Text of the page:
Out emphasis on the physical is one of the important things about Christianity. Religious belief isn’t only about the spiritual, non physical world. Christians believe this world, this physical world matters.
But at the same time, not everything that matters is reducible to the physical or material. Music is more than sound waves and ear drums. Art is more than the paint and paper, retinas and optic nerves. Love is more than hormones, pheromones, and the desire to reproduce.
We know this intuitively. If you have ever been unexpectedly moved to tears by a work of art. If a song can takes you back to college. If the smell of fried chicken takes you back to Sunday dinner at Grandma’s. If you have ever fallen in love. You know that truth cannot be reduced only to the physical. The physical is part of it, we are physical beings. But at the same time, our lives and the world consist of more than the physical. There is something about life than cannot be reduced only to the physical.
If you have been reading carefully, by now you may have noticed I am using the word truth in two senses. There are true things we are able to know and there is “Truth”.
For me, I find I have to remind myself periodically of this. I don’t know if it’s my training in science, or theology, or merely the fact that I am human, but if I’m not mindful I can mistake knowable, true things for truth.
There are many, many true things we can know. Science and religion as bodies of knowledge both can teach us many true things. But we must be careful not to confuse true things with truth. We need to be careful with our language and our thinking to keep the distinction clear.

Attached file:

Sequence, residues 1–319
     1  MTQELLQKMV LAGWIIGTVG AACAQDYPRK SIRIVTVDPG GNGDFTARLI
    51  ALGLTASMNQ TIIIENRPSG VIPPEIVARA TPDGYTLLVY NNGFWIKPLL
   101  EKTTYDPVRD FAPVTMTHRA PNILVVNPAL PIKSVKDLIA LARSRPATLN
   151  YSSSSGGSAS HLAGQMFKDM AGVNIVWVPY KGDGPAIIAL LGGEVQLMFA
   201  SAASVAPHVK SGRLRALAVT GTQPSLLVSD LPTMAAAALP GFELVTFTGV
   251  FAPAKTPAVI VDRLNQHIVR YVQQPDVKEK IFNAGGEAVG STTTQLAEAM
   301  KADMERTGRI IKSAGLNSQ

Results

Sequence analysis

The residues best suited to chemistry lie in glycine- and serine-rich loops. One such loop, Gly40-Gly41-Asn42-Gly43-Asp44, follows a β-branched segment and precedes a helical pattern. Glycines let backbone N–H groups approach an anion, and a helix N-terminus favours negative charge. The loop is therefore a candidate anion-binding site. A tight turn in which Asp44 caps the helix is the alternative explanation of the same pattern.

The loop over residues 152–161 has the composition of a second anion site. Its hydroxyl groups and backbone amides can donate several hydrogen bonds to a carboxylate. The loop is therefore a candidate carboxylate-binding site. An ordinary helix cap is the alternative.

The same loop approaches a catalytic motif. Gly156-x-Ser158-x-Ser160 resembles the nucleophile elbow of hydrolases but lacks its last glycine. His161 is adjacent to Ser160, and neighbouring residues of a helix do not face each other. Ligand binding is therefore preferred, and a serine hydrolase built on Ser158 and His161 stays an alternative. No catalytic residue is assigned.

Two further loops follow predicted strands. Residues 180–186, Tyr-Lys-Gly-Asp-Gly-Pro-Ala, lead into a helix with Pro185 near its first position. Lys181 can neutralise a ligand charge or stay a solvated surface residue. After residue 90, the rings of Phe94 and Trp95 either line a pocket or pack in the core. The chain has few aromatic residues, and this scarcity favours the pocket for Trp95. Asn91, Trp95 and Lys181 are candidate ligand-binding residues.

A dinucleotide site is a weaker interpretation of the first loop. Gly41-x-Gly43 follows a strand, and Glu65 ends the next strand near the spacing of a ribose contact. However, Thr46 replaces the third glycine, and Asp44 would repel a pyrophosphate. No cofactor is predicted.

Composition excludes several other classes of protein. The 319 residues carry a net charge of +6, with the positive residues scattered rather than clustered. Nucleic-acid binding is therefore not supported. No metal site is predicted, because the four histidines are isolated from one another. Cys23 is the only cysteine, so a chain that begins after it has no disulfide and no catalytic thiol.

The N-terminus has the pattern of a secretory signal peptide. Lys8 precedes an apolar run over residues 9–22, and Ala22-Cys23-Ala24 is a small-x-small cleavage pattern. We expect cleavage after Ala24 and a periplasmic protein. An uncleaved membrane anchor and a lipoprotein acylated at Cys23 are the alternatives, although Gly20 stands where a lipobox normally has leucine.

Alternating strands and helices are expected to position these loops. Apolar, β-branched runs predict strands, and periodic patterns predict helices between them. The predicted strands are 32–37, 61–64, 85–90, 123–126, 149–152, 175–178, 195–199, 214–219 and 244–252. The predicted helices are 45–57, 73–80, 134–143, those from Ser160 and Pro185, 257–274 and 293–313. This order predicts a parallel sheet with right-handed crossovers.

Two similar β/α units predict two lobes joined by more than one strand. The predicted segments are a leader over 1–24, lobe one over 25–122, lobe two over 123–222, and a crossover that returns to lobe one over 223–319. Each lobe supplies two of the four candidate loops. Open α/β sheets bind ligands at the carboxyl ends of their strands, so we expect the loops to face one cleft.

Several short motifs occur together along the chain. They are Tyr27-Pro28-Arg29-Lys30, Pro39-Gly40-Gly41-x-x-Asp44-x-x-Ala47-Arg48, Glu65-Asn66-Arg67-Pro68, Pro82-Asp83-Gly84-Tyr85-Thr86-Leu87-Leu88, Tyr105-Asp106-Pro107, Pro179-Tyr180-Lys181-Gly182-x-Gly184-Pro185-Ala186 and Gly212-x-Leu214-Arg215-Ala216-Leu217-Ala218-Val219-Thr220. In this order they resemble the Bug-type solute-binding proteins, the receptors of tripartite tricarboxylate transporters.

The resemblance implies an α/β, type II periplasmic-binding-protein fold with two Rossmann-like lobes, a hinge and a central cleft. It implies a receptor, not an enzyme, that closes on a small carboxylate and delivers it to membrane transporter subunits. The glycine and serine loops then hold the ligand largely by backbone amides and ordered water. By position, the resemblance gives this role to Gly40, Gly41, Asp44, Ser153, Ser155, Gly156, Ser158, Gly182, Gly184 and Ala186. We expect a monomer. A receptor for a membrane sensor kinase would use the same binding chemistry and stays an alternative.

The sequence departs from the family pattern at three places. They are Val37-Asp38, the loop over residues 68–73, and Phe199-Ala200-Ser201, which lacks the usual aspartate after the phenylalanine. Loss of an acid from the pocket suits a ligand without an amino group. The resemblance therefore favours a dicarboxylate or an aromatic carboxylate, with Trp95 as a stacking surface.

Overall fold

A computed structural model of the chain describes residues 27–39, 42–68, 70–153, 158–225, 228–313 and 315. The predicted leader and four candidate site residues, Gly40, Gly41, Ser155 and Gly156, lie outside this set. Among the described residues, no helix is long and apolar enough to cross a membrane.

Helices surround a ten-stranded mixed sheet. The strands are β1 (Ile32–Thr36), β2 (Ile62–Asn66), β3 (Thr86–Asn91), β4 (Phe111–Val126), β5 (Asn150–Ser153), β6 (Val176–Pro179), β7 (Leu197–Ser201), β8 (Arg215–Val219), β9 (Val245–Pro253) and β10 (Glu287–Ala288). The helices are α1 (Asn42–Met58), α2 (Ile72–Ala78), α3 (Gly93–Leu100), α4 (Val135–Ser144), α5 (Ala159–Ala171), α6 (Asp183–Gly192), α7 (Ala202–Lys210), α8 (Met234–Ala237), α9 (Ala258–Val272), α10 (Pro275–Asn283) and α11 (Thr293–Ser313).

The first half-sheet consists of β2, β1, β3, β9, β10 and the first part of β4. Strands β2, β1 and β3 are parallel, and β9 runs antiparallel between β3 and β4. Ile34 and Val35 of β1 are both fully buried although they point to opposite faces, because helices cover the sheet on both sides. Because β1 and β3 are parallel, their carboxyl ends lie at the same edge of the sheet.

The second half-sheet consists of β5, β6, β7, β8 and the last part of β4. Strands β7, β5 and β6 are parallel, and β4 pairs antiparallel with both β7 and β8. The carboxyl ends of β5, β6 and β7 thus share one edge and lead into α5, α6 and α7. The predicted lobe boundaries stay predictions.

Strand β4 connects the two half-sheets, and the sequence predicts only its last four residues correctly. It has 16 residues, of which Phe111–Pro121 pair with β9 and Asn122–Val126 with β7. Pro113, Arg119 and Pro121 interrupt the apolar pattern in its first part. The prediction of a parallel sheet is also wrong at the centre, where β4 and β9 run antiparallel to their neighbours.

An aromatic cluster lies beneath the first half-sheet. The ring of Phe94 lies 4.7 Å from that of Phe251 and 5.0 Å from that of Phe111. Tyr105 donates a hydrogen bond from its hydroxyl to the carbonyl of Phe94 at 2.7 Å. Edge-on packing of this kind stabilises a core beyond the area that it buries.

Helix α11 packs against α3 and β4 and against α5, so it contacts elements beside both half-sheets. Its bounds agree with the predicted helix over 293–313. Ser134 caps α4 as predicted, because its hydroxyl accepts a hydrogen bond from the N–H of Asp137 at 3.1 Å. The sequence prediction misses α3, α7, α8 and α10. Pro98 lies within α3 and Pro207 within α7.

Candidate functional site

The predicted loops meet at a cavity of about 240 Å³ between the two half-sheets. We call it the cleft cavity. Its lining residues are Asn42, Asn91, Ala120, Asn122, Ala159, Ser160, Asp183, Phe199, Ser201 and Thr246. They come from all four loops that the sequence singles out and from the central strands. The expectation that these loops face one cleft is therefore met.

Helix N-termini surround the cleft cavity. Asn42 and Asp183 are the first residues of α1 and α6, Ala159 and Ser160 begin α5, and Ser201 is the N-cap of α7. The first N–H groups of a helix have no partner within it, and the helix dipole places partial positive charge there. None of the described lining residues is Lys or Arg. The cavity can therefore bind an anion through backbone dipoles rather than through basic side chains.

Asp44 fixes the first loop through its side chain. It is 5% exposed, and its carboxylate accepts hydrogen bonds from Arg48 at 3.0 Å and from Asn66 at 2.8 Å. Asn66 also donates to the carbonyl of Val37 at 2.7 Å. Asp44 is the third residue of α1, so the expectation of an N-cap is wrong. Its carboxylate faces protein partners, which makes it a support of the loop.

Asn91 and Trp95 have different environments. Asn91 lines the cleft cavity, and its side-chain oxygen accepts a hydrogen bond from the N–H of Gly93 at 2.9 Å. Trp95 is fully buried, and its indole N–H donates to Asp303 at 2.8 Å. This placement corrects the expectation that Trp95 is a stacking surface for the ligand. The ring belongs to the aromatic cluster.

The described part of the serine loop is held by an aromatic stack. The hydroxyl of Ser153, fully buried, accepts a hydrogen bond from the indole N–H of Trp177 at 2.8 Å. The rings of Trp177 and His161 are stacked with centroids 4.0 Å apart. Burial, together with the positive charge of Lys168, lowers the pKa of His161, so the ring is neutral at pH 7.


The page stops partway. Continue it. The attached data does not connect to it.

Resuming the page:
Many scientists will express a sense of awe and wonder as they contemplate the cosmos they investigate. There is a sense of a grandeur, of something wonderful that exists beyond themselves.
Christians believe that we cannot know all there is to know about God. We can know some things, but other things lie far beyond our knowing. For Christians truth isn’t discovered. For Christians, truth is a person, Jesus. Truth is someone who knows us and with whom we develop a relationship.
There is a sense of mystery present in the universe than neither science nor religion can fully know or explain.
So the next time you are in a discussion about truth, it might not hurt to remind yourself that we can know and speak about many, many truth things. Of truth,we should perhaps be more circumspect in our speech. Humility in the presence of truth is a good thing.
I’d like to know, what do you think?
Those of you who pay attention to things in the sidebar will have noticed the High Calling Blogs badge. Conversation in Faith is now part of this network of bloggers who write about faith and our daily work (which includes but is also more than, our paid jobs.) I invite you to meet some of the very fine bloggers at High Calling. I think you will find the home page of the sponsoring organization The High Calling of interest as well.